#IMAGEinspires: Irish Businesswomen Abroad Share Their Unexpected Career Lessons

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Getting to the top of one’s industry isn’t necessarily a straight ladder. #CareerGoals can take years. People in charge tend to have amassed a crazy amount of life lessons, and all this experience has made them better businesspeople and leaders. We asked some of Ireland’s leading businesswomen abroad about their most unexpected career lessons. 

You might not realise it, but every job feeds into the next

When I worked as a presenter on television I learned all about deadlines and how important it was not to miss them. When I was studying for my PhD I learned about research and detail, and how critical it is to be rigorous in both. When I ran our country guesthouse in Portrush I learned how difficult it was to please people, but how important it was to try, because a happy person might talk to 2 or 3, but an unhappy person will talk to 10. When I worked in politics, for a short time, I learned all about negotiation. But most importantly when I started the business I learned what it was I would not accept. And that, surprisingly, was negativity. I realised that I just could not, would not, accept negative, moaning, behaviour. This was probably one of the best lessons that I could have learned early on, because it has informed the way that we choose to do business. We are make-it-happeners. We say yes much more often than no. We use everything I learnt over the years to approach what we do with drive, focus, determination, but most of all fun.
Alyson Hogg, founder and CEO, Vita Liberata Ltd

Sometimes bad experiences help

I was bullied for three years between the ages of nine and 12. I had been sent to boarding school at a very young age to get away from the troubles. That experience has left me with a horror of the way that some people get a kick from being cruel to others.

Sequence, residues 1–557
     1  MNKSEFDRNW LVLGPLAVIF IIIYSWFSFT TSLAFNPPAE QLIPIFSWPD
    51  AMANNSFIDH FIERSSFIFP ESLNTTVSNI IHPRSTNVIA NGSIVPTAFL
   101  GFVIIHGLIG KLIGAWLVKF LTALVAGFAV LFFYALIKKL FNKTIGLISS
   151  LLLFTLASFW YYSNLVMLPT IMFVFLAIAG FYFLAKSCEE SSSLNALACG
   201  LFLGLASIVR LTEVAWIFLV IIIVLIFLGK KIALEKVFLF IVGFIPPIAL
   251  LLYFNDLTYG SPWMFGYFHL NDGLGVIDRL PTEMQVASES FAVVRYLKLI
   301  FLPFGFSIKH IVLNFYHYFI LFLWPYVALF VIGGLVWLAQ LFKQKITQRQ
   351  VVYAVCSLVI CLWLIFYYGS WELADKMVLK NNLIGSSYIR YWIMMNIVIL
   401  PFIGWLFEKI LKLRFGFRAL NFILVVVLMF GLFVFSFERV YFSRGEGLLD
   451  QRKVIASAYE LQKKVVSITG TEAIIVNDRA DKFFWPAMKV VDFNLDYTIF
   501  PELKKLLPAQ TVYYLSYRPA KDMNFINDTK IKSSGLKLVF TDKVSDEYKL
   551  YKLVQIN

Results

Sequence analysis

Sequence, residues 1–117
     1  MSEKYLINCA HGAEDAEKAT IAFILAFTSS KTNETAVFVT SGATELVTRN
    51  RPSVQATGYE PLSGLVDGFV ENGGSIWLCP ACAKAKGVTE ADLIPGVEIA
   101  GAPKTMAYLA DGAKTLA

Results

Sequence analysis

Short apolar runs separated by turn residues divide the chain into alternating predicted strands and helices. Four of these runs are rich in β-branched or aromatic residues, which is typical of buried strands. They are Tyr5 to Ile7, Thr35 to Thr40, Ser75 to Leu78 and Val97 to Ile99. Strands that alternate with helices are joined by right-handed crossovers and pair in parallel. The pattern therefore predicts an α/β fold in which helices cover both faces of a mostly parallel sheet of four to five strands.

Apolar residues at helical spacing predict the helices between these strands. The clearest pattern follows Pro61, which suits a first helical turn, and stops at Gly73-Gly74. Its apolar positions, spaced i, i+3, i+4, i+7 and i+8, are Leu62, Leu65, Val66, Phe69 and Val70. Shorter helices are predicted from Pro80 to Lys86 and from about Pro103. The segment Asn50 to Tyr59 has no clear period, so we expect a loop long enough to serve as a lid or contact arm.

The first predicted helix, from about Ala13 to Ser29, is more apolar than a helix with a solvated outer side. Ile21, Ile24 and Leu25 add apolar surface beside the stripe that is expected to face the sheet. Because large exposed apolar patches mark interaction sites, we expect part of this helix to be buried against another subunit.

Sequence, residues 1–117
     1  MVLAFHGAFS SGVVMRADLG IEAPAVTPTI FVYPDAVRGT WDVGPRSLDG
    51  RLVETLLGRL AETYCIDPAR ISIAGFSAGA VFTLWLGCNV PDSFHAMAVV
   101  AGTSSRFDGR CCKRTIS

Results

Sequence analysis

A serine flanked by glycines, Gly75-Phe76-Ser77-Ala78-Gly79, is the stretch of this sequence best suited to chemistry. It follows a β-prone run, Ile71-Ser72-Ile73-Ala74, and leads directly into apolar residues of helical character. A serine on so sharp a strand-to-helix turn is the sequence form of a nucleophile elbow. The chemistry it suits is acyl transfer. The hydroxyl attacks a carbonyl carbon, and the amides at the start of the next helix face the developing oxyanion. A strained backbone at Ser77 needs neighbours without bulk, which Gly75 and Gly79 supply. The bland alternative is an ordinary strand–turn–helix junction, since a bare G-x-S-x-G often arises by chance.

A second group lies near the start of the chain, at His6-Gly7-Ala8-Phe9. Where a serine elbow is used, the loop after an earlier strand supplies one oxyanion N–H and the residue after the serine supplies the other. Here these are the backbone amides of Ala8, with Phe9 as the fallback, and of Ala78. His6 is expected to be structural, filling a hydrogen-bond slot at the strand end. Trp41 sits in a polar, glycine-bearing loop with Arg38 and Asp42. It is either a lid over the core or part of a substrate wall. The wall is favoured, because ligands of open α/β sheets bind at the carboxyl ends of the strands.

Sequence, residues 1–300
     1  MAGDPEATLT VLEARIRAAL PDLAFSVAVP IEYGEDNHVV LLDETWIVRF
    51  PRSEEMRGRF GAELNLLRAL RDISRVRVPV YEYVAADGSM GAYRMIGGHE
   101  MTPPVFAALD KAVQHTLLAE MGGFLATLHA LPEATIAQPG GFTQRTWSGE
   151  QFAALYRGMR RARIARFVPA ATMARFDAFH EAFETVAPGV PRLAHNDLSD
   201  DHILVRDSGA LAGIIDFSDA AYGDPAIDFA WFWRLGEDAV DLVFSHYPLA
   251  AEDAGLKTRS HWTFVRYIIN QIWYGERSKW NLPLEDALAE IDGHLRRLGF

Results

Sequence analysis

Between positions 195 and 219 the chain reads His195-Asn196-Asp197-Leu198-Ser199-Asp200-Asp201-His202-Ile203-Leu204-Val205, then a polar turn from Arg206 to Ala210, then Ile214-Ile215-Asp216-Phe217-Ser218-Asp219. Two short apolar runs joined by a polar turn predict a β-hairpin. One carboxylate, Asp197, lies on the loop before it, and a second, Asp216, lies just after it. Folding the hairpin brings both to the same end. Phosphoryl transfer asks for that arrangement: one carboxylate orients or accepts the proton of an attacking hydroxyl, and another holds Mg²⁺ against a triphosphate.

In the early days of the business I had one particular employee who was very, very clever and highly productive. However she was also extremely negative about almost everything, and bullied not just her colleagues but also me! So the net affect was that she pulled the overall productivity and mood through the floor. It took me a while, but at last I recognised the behaviour. And I knew that it was the kind of behaviour I did not want in my business. So not only did I let the most productive person in the office go, but I also vowed that in future the one thing I would positively discriminate for was positive, happy people. Our productivity went through the roof after she left, and this has been my abiding rule ever since. It has changed and formed the way that we do business and the culture of our company. Its a happy place to work, which is good, because we all work very hard indeed.
Alyson Hogg, founder and CEO, Vita Liberata Ltd

I had a job interview in my twenties. I didn’t get the job but was advised that I could ask for feedback – I did. I was told that I had great enthusiasm but had been vague in response to the dreaded questions about where I wanted to be in five years time. I explained that the reason I was vague was that I wanted to be in the interviewer’s position but I had feared that answer might go against me. I was told that had I given that answer, I would have been given the job. You should never assume that the person you’re speaking to wants to remain in the same position – other people can be as ambitious as you are.

If you fail, be in job interviews or sales; never be afraid to ask for feedback. Hearing something that could be negative may hurt at the time, but what you learn from it is invaluable. I always make a point of asking for feedback – positive and negative. That is the best way to grow, innovate and learn.
Anne Butterly, CEO and founder, Easydry

Acclimatise yourself to new environs

My more usual Ice Breakers when meeting people in Europe generally revolve around, “the weather”, the recent match/game be it soccer, rugby or GAA and the topics of the day on Morning Ireland/NewsTalk. I can tell you, these did not work in California. The weather is the same every day! I have no clue about the 49ers or the Giants. And politics is better left alone….

Denise Tormey, president and co-founder, PlanNet21 Communications

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